Mason dies following three-story fall from improvised scaffolding.
NIOSH 1994 May; :1-3
A 35-year-old male mason (the victim) died as a result of falling from a scaffolding that had been improvised. The victim and two co-workers had been contracted to repair the brick facing near the top of a three story apartment building. The workers had improvised a scaffolding by lashing two rectangular metal frames to two extension ladders, and lashing a single fourteen-foot section of another extension ladder horizontally to the metal frames to create a platform worksurface. The platform worksurface was supported by two welded, bent metal rods that were hooked over the parapet wall. Also, they had attached a rope pulley system to one of the metal braces, and were using the pulley to raise five-gallon buckets of cement to the victim while he stood on the platform work surface. At the time of the incident, the victim was standing on the platform, while a co-worker was positioned on one of the extension ladders and the other co-worker was on the ground at the base of the ladder. The victim instructed the worker on the ground to raise a bucket of cement. As the victim raised the bucket, it became stuck and the worker pulled firmly on the rope to dislodge it. The worker heard a cracking sound from above, and saw the victim fall to the ground. An onlooker called the paramedics, which arrived and transported the victim to the morgue. The Wisconsin FACE investigator concluded that, to prevent similar occurrences, employers should: 1. ensure that equipment is only used for the purpose for which it was designed. 2. provide equipment that is approved and designed to meet the requirements of the job tasks.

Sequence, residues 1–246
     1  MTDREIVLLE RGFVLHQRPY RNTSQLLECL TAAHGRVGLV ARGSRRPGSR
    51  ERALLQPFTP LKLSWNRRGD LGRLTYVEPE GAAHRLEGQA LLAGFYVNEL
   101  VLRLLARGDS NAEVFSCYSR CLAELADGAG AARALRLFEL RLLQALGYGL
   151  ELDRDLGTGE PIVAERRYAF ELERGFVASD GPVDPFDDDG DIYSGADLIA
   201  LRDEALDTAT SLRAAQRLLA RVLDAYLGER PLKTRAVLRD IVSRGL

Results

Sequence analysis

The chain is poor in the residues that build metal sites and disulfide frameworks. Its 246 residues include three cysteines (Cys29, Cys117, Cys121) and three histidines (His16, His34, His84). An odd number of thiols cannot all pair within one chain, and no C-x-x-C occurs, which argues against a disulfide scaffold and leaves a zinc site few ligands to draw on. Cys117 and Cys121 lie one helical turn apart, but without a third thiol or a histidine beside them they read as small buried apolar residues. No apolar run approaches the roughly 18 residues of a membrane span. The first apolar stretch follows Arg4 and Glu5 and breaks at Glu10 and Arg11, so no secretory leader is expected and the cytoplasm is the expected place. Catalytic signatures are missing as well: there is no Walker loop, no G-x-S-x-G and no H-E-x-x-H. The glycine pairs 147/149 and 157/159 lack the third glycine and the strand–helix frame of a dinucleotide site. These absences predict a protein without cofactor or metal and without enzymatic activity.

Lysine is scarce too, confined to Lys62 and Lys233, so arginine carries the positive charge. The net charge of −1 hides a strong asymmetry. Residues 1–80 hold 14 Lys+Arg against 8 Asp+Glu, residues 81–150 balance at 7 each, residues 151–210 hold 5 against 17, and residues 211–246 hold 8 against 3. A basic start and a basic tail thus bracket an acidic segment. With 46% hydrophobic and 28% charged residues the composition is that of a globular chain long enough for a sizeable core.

Region-5; Accident-analysis; Accident-prevention; Accidents; Injuries; Injury-prevention; Traumatic-injuries; Work-operations; Work-analysis; Work-areas; Work-performance; Work-practices; Safety-education; Safety-equipment; Safety-measures; Safety-monitoring; Protective-measures; Construction; Construction-industry; Construction-workers; Ladders; Scaffolds; Masons
Field Studies; Fatality Assessment and Control Evaluation
NTIS Accession No.
National Institute for Occupational Safety and Health
Wisconsin Department of Health & Family Services